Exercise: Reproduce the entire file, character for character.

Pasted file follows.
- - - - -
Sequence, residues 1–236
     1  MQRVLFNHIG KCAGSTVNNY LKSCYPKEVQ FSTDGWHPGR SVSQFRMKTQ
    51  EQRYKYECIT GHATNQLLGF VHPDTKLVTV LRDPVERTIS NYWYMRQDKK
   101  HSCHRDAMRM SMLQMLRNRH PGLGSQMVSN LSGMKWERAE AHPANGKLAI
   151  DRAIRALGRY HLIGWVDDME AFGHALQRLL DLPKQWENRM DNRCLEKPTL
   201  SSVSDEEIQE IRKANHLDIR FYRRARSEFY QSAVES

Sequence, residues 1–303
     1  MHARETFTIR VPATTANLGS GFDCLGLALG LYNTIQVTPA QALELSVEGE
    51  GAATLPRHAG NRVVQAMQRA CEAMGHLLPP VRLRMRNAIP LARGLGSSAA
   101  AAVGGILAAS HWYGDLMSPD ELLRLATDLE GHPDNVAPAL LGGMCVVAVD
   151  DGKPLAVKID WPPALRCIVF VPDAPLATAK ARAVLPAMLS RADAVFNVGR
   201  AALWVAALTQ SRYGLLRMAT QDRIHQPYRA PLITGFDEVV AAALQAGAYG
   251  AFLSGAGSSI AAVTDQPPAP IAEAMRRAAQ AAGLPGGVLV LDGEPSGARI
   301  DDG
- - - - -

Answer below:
Sequence, residues 1–236
     1  MQRVLFNHIG KCAGSTVNNY LKSCYPKEVQ FSTDGWHPGR SVSQFRMKTQ
    51  EQRYKYECIT GHATNQLLGF VHPDTKLVTV LRDPVERTIS NYWYMRQDKK
   101  HSCHRDAMRM SMLQMLRNRH PGLGSQMVSN LSGMKWERAE AHPANGKLAI
   151  DRAIRALGRY HLIGWVDDME AFGHALQRLL DLPKQWENRM DNRCLEKPTL
   201  SSVSDEEIQE IRKANHLDIR FYRRARSEFY QSAVES

Sequence, residues 1–303
     1  MHARETFTIR VPATTANLGS GFDCLGLALG LYNTIQVTPA QALELSVEGE
    51  GAATLPRHAG NRVVQAMQRA CEAMGHLLPP VRLRMRNAIP LARGLGSSAA
   101  AAVGGILAAS HWYGDLMSPD ELLRLATDLE GHPDNVAPAL LGGMCVVAVD
   151  DGKPLAVKID WPPALRCIVF VPDAPLATAK ARAVLPAMLS RADAVFNVGR
   201  AALWVAALTQ SRYGLLRMAT QDRIHQPYRA PLITGFDEVV AAALQAGAYG
   251  AFLSGAGSSI AAVTDQPPAP IAEAMRRAAQ AAGLPGGVLV LDGEPSGARI
   301  DDG